Not a capital idea
If it is the government’s plan that the Capital be decongested, then surely it makes sense to create a conducive environment for people to move out.Updated: Apr 10, 2008 21:09 IST
As the Capital becomes overcrowded and finds its resources stretched to breaking point, it is only natural that the city will expand beyond its borders. So we have places in the National Capital Region (NCR) like Gurgaon and Noida which have become desirable addresses for those who are unable, even unwilling, to buy into scarce and prohibitively expensive property in Delhi. But the recent spate of carjackings and murders in Noida and before that in Gurgaon suggest that the NCR’s spread is taking place in a haphazard manner and almost all the construction in these areas is in the hands of private builders. They provide not just accommodation, malls, private hospitals and schools but also take care of essentials like water, power and security in the areas they operate in.
This has led to a situation where the state, already most cavalier in providing basic amenities to citizens, has abdicated its role in all these areas. This is why biker gangs are able to roam the streets of the NCR looting and killing at will. While it is essential that the government encourages the private sector to take the lead in urbanisation, it cannot shirk its duties in providing security to citizens in common areas like parks and roads.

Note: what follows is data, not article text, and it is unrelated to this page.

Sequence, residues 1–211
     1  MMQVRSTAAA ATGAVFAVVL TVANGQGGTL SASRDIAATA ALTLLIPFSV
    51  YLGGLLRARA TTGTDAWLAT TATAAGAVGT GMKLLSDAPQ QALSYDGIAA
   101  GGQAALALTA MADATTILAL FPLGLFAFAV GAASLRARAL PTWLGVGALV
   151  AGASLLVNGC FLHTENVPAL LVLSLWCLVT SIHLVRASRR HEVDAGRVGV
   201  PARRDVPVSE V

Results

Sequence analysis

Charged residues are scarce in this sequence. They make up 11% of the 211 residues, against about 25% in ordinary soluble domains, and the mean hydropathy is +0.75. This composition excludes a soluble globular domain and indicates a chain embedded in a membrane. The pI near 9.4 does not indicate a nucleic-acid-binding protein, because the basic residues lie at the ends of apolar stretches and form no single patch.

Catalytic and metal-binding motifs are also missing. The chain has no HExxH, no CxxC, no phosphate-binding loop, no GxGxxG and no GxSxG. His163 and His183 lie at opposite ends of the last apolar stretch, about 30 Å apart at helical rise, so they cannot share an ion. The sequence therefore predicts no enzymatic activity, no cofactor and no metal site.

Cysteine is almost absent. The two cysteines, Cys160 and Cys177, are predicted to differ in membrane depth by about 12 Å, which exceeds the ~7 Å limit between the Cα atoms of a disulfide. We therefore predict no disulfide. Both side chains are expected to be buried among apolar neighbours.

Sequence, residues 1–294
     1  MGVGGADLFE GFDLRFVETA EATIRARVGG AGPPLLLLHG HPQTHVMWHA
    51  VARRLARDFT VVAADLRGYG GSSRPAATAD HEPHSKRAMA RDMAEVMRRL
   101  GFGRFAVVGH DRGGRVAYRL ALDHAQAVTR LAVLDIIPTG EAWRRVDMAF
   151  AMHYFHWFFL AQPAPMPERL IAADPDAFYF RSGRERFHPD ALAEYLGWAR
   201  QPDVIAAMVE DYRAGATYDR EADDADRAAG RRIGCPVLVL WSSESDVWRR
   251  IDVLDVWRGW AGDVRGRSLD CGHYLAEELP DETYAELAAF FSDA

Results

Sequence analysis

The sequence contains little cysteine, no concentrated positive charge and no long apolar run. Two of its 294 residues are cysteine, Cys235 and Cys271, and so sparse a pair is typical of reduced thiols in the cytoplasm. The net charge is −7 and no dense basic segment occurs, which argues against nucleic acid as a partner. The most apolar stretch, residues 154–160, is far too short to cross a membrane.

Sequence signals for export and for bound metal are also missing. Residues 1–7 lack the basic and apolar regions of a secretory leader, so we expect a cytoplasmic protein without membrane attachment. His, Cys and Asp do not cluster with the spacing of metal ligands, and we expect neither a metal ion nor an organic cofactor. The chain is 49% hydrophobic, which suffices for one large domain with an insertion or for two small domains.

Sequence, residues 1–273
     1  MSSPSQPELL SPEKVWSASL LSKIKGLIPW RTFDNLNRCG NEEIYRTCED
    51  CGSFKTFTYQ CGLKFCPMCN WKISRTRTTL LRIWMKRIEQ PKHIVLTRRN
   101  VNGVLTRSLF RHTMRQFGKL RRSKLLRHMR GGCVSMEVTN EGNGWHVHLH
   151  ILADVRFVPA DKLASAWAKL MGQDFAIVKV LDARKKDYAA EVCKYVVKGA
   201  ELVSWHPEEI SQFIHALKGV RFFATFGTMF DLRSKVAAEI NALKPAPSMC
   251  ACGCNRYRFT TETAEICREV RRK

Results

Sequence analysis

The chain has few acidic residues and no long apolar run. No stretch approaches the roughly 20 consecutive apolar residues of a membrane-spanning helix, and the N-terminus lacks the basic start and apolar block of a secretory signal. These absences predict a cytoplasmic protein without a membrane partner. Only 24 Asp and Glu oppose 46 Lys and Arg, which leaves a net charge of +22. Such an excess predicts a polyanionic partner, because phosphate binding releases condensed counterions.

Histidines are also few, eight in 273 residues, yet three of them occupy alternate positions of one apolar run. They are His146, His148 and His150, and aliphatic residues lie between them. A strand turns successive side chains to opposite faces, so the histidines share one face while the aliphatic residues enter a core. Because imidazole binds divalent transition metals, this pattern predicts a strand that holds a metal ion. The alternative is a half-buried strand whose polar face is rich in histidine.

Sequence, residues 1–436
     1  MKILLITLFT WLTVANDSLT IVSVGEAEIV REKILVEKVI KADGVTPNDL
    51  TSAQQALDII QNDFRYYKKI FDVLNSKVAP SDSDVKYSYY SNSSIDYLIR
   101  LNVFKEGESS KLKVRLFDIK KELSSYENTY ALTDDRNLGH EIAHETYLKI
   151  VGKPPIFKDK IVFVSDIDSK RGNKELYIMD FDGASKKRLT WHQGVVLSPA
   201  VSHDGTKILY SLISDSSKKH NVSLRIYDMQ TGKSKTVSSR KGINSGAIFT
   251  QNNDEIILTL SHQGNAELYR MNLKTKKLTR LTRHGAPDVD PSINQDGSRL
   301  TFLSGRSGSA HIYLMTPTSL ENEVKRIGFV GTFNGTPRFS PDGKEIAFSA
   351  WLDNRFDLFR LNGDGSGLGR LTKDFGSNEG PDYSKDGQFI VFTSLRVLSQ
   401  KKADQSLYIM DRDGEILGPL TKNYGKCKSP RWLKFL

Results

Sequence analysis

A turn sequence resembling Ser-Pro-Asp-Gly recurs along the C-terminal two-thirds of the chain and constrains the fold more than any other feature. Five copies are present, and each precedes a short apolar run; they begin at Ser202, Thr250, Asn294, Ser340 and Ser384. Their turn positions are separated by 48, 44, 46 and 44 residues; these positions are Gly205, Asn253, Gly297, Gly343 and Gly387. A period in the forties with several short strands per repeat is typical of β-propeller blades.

If it is the government’s plan that the Capital be decongested, then surely it makes sense to create a conducive environment for people to move out. Private security is available only to those with purchasing power. What happens to the millions of people who come into the Capital to provide essential services but are forced to live in the NCR? Clearly, there does not seem to be any concern for their safety and well-being. The original idea of the NCR was to set up townships that replicate the Capital. That most definitely has not happen in terms of connectivity, basic amenities or security. The worrying part is that gangs that operate in these areas either have political patronage or are able to hoodwink a comatose security machinery. The public has so little faith in the law-enforcement system that they prefer to remain mute witnesses to crimes. This suggests that the NCR is not working as an antidote to urban chaos. If it is an experiment which the government hopes will be followed by other chaotic metros, then sadly, these gruesome incidents do nothing to inspire confidence that this will actually happen.